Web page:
The Bad

 “All that glitters is not gold” and all that passes for seeker sensitive is neither good nor Biblical. Too many of the seeker pastors, in attempting to make sinners “comfortable” have decided to do God a favor. Their favor is this: they will neglect or downplay those teachings which appear to be at all negative or challenging, and focus only upon the positive uplifting aspects of Christianity. Thus, the seeker will be drawn to this positive gospel, and then later he may (or may not) figure out that God makes very strong demands on our lives and disciplines those who fail to comply.

In attempting to win the seeker, sermons are too often converted into self-help pep talks. Become a Christian and you can be a better businessman; you can have your emotional hurts healed; you can relate better to your spouse and you can enjoy more happiness and success in life.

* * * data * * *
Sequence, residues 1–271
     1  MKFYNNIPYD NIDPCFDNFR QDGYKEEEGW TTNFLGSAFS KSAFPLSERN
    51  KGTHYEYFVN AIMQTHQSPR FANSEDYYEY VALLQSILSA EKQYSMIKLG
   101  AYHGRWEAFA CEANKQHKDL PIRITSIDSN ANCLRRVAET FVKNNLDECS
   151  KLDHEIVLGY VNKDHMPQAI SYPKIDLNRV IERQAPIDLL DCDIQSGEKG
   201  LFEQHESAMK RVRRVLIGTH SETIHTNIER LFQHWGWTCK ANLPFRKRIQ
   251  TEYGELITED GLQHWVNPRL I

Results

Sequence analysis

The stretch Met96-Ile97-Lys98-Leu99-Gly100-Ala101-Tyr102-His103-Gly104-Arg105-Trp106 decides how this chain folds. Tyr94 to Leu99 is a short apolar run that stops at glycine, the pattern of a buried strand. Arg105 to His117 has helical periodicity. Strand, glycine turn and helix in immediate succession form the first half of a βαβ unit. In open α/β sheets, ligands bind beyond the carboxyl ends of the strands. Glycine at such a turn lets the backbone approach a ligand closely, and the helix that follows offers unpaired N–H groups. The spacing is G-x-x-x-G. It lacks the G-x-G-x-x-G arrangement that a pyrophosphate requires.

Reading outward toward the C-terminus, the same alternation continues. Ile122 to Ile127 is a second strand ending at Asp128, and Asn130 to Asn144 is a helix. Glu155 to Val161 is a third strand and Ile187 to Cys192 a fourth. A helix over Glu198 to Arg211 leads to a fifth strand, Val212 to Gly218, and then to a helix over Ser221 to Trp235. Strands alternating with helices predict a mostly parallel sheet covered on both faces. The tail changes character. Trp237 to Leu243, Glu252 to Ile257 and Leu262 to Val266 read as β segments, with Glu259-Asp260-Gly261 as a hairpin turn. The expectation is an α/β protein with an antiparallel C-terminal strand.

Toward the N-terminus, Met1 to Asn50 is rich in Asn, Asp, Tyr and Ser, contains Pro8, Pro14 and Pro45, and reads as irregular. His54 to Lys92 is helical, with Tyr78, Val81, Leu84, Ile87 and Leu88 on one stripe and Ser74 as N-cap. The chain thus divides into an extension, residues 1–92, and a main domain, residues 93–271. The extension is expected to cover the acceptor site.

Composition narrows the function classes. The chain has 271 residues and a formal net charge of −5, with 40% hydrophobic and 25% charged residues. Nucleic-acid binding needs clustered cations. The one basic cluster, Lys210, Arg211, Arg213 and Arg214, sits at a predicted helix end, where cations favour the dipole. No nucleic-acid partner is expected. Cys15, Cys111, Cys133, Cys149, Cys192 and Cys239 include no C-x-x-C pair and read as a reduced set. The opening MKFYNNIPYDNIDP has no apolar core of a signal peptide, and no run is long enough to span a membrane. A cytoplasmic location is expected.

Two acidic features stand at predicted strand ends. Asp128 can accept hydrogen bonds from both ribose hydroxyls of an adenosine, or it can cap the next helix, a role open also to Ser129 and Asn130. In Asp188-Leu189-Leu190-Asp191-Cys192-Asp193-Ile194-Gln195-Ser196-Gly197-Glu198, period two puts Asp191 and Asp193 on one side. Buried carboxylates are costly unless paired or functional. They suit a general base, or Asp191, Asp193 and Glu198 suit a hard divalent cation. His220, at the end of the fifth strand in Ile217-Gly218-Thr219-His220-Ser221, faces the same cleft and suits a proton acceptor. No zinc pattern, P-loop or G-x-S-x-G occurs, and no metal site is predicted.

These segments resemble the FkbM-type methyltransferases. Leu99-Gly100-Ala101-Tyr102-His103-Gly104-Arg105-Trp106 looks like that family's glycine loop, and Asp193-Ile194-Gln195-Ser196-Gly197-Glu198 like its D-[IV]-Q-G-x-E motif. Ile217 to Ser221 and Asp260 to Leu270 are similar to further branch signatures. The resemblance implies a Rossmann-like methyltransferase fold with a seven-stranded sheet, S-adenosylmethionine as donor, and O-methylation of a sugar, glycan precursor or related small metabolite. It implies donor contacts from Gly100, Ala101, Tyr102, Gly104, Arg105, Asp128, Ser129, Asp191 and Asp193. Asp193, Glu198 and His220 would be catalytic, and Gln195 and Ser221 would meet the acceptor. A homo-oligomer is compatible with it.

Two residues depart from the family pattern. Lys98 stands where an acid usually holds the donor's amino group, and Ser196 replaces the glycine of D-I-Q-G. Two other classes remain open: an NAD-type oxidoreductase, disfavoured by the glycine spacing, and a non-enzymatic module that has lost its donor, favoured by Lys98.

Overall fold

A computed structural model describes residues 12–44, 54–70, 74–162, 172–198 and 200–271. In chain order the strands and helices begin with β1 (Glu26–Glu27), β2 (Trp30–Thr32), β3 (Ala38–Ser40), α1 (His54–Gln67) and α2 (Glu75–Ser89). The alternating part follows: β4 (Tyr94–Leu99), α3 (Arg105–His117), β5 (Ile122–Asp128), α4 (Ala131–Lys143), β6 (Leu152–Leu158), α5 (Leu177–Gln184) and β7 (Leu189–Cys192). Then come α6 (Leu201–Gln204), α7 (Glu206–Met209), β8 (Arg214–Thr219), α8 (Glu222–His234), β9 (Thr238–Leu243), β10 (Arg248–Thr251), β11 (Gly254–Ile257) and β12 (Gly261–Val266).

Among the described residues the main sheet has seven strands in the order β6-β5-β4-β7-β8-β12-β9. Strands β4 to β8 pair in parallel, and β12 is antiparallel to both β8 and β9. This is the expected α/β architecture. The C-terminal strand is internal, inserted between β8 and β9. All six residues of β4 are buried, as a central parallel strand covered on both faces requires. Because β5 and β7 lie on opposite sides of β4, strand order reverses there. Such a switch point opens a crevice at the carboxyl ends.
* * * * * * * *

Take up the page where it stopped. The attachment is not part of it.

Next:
Now all of this may well be true, but it is not and has never been the core of the gospel. The gospel is not about solving your self-esteem issues or soothing your past emotional traumas. It is all about sin and righteousness, heaven and hell, alienation from God and reconciliation to God. The cross was not a therapeutic device; it was the means by which our sins were forgiven and we were given the gift of eternal life.

While Jesus talked frequently about heaven and hell, you could attend many seeker churches for a year and never hear hell mentioned, and rarely heaven. The big emphasis is on the here and now. Come to Jesus and get your hurts healed. Come to Jesus and become a success. Come to Jesus and your marriage will be great.